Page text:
We all have to learn tricks of the engine building trade from someone or somewhere. For Mike Lough, his love and knowledge of performance engines started when he was just 14 helping his dad in the machine shop. Mike would port cylinder heads and offset grind crankshafts, and has worked his way up from there ever since.
“I learned a lot from my dad and got a lot of tips on how to handle the business,” Lough says. “Plus it gave me a way to create contacts.”
Today, Lough is the owner of Mike Lough Racing Engines in Oak Ridge, MO. While his dad taught him much of what he knows about engines, his dad also helped him gain customers.
“Some of the customers I have today are sons of the customers that my dad had,” he says. “My dad is 71 years old and he still comes into the shop now and then. It’s pretty cool we get to see each other a lot.”
Aside from his dad’s help, what really kick started Mike’s engine builder career were his days racing. In the late-‘90s and early 2000s he raced in the Edelbrock Pro Series, which is now the National Muscle Car Association (NMCA).
“I built all my own stuff and then built some motors for friends who raced dirt track, drag strip and street stuff,” he says. “It just started getting bigger and bigger and I decided to open a business on my own and I opened Mike Lough Racing Engines in 2005. I started out with some of my dad’s old equipment and it has been continuously growing ever since.”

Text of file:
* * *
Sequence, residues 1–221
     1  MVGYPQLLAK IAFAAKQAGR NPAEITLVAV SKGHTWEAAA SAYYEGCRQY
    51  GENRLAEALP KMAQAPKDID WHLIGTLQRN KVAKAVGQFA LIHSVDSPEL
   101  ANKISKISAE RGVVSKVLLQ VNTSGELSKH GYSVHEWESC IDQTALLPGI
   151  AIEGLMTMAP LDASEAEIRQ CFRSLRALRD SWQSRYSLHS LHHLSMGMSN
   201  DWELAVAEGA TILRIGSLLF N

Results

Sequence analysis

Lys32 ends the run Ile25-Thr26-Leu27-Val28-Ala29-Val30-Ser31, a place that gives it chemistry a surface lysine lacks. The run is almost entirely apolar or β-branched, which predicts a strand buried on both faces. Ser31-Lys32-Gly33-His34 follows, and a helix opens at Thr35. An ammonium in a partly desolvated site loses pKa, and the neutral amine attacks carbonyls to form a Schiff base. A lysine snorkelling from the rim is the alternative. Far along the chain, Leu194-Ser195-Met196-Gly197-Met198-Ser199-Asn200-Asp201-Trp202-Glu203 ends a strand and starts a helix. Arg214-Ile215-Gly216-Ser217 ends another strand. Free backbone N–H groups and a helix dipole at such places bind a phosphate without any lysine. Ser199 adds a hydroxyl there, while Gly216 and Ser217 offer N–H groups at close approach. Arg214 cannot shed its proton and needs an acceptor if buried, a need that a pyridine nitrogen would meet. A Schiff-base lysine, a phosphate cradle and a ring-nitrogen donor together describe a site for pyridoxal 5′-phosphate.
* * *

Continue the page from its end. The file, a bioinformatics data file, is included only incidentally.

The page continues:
Lough started his shop doing common engine work on big block and small block Chevys and Fords. However, in 2007, he got ahold of his first LS engine and everything changed. His shop now does 90 percent LS work.
“When I got into that I said, ‘This is what I want right here. This is the way of the future. This engine is nice,’” he says. “The very first LS engine I ever built back then is still running today on the racetrack. It’s actually a 6.0L iron block that is 438 cid. Everybody said it couldn’t be done. So of course, I did it. We’ve always been proud of ourselves for that. That’s how my dad taught me growing up. If somebody said you can’t do this, we’d say, ‘Oh yeah, watch us do that.’”
That 438 cid engine was in Mike’s personal racecar for a couple of years until he sold it to the current owner. Lough’s LS credibility just grew from there. He also built a customer a turbo LS that was the first stock block LS to get into the 4-second zone in the 1/8th mile on drag radials. That engine also had a stock crankshaft, according to Lough.
“That kind of put us on the scene in the drag radial world and that’s where we concentrate today,” Lough says. “Most of our builds concentrate on the no prep stuff, which is getting real big. It includes grudge race cars and street cars. Our LS builds are mostly tailored towards the turbo and nitrous guys – power adders. We do have some engines that are big cubic inch, naturally aspirated. We also do off-road trucks, mud trucks and just about everything.”
Mike Lough Racing Engines is a full machine shop capable of its own machine work, balancing and assembly. The only jobs the shop farms out are crankshaft grinding, line boring blocks and port work.
Since 2005, Lough has expanded the shop twice and it now sits at roughly 3,500 sq. ft. featuring a chassis dyno, a new crankshaft balancer and a new block and boring mill, among plenty of other equipment.
Last year, Lough had a new customer come into the shop who was referred by Lil John’s Motorsport Solutions and Brian Tooley Racing, both in Bardstown, KY. The customer wanted to run his 5.3L turbocharged LS engine on methanol.